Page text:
As smartphones like the iPhone and Android take over the mobile Web, the amount of data traffic going over cellular networks is expected to grow 40-fold over the next five years. UK firm Coda Research Consultancy forecasts that in the U.S. alone mobile handset data traffic will grow from 8 petabytes/month this year to 327 petabytes/month in 2015. That amounts to a 117 per cent compound annual growth rate.
A lot of that data will come in the form of mobile Web browsing, with the biggest contributor expected to be mobile video. By 2015, mobile video will account for 68.5 per cent of all mobile data usage in the US (or 224 petabytes/month). Coda estimates that 95 million mobile handset subscribers in the U.S. will be watching video on their phones in five years out of a total of 158 million mobile internet users.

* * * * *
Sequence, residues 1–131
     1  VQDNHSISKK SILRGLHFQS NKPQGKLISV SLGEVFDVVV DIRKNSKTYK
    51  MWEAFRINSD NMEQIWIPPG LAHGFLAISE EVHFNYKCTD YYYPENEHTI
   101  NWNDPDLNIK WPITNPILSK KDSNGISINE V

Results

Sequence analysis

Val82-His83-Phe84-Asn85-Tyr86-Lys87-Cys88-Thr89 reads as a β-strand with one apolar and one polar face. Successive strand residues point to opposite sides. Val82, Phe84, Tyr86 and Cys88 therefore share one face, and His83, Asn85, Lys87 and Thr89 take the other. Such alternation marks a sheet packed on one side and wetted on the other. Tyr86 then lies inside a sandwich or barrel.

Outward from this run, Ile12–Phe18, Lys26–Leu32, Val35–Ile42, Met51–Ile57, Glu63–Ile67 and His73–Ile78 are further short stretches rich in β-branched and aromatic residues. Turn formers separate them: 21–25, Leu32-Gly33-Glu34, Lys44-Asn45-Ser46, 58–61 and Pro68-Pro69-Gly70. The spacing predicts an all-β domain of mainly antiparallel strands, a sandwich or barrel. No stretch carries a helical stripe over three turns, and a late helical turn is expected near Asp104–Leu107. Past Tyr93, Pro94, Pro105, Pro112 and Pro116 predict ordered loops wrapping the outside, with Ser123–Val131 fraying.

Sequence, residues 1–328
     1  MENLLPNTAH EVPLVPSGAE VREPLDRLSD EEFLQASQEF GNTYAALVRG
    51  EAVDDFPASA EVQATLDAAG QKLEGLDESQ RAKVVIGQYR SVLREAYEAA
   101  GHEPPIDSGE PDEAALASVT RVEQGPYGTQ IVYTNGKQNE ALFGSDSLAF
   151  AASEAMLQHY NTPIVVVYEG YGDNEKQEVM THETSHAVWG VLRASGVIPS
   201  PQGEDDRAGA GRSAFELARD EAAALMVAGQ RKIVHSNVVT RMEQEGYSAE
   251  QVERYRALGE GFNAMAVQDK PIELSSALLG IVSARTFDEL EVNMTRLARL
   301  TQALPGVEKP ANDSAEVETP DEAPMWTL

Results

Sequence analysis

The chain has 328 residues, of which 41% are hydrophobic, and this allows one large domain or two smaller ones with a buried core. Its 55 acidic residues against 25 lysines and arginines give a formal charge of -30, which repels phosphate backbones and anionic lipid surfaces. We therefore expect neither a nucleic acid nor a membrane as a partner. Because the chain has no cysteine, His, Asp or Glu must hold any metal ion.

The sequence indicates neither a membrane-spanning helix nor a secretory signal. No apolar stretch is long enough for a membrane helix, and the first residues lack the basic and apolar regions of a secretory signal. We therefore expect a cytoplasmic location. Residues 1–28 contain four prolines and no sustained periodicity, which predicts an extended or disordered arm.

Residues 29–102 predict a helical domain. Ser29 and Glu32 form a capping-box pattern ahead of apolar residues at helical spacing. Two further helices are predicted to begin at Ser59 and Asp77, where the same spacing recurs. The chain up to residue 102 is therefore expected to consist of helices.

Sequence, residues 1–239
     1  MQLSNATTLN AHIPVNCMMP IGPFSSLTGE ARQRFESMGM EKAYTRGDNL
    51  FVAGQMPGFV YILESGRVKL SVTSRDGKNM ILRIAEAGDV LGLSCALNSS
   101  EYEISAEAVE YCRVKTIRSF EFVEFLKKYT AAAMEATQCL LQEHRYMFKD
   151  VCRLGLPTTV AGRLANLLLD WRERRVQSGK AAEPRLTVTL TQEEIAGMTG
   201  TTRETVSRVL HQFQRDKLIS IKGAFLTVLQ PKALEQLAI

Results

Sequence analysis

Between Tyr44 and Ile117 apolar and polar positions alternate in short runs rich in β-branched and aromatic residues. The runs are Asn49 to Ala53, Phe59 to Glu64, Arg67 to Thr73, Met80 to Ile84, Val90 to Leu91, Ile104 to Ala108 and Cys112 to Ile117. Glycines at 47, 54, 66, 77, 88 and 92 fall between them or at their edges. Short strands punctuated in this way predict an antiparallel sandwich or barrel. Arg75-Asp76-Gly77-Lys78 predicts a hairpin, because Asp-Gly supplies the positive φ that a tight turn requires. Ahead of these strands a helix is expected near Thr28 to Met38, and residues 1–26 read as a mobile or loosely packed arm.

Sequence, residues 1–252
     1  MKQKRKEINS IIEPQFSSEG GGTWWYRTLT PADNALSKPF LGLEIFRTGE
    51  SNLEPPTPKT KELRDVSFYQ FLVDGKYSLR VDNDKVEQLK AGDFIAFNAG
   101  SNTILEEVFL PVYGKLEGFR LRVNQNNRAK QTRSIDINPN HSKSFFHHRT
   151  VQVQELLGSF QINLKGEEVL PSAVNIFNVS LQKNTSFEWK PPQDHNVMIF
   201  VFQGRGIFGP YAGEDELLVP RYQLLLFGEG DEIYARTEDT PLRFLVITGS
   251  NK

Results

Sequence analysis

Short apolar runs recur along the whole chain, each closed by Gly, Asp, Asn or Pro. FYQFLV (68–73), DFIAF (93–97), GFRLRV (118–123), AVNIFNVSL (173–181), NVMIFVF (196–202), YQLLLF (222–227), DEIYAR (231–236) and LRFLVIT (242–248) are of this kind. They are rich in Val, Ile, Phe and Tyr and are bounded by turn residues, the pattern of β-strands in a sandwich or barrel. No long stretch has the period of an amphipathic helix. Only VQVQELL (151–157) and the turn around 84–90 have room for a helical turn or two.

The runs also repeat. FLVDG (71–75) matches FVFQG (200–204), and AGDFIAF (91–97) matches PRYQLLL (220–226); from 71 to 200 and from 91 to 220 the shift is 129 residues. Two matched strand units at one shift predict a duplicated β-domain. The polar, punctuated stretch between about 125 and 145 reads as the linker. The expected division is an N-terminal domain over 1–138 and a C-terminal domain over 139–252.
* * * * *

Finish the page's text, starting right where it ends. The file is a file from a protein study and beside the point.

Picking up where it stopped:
Mobile data revenues (not including SMS charges) are forecast to make up 87 per cent of all data revenue for the carriers by 2015. But they will have a hard time keeping up with demand unless they adopt tiered pricing, predicts Coda co-founder Steve Smith. Consumers used to all-you-can-eat data access from their phones will find that unappealing. But carriers will have to figure out a way to pay for massive network upgrades. Coda estimates that if the carrier's froze their networks today, they would reach 100 percent utilization at peak capacity by 2012, when 40 per cent of phones will be smartphones. Article